What about pharmaceuticals for prostate enlargement?
The main two drug classes that reduce prostate are alpha blockers and 5-alpha reductase inhibitors. Both of these drug classes have been shown in studies to sometimes reduce or delay increasing PSA levels in some men.
While neither class of drugs will shrink the prostate in all cases, they can also relieve some of the symptoms of prostate enlargement by relaxing the prostate muscles.
The problem many have with these drugs is with some of their side effects. Alpha blocker drugs can cause dizziness, lightheadedness, fatigue, digestive issues, sinus congestion and headaches. Some have reported low pressure as a result of taking this class of drugs.
Adverse effects of 5-alpha reductase inhibitors include erectile and sexual dysfunction - even impotence. Depression and anxiety have been reported, as well as allergic reactions in some cases. These drugs can also render false PSA results. This means PSA testing has to be repeated for accuracy.
Mushroom reduces prostate enlargement in cancer sufferers
Nature may provide an adverse effect-free alternative. A new phase I clinical trial has shown that a particular type of mushroom can reverse prostate enlargement.
The research comes from the Beckman Research Institute and the Department of Medical Oncology and Experimental Therapeutics at the City of Hope National Medical Center located in Duarte, California. Here researchers have become convinced from laboratory trials that mushroom therapy may provide hope for prostate cancer sufferers with advancing PSA levels.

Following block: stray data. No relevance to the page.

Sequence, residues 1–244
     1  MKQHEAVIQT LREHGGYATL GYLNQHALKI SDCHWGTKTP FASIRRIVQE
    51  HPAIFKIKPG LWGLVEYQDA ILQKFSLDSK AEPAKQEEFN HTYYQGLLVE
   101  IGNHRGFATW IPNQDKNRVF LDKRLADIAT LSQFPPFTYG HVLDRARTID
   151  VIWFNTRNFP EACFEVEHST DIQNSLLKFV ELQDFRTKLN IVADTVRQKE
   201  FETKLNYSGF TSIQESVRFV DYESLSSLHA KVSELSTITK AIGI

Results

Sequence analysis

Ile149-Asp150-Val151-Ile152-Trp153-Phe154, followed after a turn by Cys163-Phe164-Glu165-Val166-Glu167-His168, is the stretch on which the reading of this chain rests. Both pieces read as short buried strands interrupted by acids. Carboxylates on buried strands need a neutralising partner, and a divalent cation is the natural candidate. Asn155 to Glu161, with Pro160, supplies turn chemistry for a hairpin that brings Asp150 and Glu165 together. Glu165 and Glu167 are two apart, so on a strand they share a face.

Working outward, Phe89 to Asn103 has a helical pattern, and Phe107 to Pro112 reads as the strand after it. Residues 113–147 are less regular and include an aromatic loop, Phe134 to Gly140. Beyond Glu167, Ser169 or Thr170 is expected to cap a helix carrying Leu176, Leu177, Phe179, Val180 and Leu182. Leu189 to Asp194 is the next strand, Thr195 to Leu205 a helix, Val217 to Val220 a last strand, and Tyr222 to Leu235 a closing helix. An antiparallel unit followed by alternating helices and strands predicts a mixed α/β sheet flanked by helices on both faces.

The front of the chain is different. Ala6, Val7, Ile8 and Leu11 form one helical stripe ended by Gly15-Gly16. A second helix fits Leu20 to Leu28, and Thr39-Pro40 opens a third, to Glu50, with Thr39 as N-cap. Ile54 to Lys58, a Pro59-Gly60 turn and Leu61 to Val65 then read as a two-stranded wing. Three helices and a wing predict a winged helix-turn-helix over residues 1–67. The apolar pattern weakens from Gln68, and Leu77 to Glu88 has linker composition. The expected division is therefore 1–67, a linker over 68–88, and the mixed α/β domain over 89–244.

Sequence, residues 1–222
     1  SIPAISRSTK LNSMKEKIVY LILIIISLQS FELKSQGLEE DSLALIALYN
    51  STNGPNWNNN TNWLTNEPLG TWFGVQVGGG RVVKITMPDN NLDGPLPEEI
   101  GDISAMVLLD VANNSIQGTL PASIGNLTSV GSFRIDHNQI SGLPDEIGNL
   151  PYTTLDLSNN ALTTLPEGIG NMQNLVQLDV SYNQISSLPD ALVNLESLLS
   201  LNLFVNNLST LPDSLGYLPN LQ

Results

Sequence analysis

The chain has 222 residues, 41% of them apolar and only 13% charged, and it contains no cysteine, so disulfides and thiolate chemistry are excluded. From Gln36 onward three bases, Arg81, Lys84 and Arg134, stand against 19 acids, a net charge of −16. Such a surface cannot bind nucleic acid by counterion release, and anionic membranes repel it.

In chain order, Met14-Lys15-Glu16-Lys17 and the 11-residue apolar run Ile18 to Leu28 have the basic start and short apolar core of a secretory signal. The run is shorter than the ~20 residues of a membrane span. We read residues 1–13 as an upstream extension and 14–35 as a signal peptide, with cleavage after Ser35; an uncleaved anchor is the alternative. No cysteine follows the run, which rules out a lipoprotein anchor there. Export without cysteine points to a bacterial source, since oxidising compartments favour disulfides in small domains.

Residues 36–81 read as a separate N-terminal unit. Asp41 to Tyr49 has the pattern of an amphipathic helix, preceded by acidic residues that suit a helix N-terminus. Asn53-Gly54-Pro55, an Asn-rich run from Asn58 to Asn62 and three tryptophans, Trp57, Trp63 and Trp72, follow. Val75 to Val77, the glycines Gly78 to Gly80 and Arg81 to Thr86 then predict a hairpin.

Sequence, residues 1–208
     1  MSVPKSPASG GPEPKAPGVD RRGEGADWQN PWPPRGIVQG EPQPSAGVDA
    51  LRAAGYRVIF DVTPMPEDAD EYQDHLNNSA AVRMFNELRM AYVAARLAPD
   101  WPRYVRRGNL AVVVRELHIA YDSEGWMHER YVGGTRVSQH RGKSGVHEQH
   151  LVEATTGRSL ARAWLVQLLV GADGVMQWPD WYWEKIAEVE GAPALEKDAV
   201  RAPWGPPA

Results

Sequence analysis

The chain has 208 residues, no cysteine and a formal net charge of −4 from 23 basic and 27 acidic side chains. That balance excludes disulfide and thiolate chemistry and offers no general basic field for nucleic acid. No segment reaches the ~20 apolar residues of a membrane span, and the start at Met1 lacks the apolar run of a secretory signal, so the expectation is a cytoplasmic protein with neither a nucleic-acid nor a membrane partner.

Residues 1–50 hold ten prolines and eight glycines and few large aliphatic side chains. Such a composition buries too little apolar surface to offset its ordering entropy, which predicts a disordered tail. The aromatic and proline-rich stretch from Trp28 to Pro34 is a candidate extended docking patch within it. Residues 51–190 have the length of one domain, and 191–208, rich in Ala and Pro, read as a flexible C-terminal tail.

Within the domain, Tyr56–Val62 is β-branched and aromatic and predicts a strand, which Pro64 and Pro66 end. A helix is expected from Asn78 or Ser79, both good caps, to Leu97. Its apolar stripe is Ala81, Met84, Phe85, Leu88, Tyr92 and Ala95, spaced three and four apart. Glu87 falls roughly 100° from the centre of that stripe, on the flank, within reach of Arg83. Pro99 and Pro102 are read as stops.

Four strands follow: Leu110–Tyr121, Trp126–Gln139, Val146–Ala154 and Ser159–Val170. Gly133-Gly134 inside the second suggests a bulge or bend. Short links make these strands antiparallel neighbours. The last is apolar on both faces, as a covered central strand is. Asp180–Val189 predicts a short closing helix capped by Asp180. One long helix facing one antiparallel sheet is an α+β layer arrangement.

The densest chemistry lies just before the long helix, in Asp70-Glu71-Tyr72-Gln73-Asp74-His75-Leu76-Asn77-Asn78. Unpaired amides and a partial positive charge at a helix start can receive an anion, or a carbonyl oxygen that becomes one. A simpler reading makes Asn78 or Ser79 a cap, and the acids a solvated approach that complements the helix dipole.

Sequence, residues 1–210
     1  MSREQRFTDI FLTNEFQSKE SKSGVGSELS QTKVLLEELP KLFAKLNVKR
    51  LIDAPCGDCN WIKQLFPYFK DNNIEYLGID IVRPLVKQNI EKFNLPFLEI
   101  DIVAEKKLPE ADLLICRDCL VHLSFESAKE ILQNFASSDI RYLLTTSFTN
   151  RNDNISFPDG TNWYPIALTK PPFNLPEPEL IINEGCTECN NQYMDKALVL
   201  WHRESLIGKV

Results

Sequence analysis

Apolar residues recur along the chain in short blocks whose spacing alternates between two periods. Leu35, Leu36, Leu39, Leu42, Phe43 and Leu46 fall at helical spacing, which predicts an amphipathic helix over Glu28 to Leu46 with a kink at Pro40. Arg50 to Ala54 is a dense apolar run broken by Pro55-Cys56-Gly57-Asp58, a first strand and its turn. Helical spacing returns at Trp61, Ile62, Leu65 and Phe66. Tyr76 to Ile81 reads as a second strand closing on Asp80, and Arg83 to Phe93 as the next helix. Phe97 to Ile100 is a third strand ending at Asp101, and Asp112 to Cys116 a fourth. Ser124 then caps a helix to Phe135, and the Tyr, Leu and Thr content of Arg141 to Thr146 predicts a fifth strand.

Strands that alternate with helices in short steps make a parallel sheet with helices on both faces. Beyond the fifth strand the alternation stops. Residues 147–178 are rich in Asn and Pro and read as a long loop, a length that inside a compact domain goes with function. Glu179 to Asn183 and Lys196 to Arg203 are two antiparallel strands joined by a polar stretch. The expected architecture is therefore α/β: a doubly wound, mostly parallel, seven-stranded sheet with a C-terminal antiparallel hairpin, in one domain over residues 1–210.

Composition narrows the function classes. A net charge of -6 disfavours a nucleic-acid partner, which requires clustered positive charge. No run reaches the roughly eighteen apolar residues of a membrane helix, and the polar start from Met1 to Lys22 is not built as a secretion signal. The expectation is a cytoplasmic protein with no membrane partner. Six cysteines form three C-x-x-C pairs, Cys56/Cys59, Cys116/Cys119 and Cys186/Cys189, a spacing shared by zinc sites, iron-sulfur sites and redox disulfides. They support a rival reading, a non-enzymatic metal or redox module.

The researchers tested 36 men - who were patients and prostate cancer sufferers. The test subjects were divided into groups of six. Each group started off with 8 grams per day, and their doses were increased to up to 14 grams per day of a mushroom extract. The therapy was given for three months, and the results were measured using a dose-dependent response. This means their results were compared to their levels of dosage.
The mushroom used was Agaricus bisporus - also referred to as white or button mushrooms. These are the common mushroom found at the supermarket or added to most dishes in restaurants. It is by far the most prolifically grown commercial mushroom.
The researchers found that over a third of the patients - or 36 percent - experienced reductions in their PSA levels during the three-month period. That is, their PSA levels were below the levels they had in the beginning of the study.